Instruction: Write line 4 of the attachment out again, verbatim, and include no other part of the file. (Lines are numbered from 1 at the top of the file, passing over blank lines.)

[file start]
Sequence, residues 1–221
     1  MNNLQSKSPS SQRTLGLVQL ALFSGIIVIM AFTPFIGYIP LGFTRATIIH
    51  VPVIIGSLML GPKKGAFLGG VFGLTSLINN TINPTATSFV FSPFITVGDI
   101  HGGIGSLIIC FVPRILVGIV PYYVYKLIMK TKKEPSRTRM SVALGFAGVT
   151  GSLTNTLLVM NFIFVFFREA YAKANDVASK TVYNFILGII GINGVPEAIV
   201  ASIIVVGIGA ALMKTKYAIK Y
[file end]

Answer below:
   101  HGGIGSLIIC FVPRILVGIV PYYVYKLIMK TKKEPSRTRM SVALGFAGVT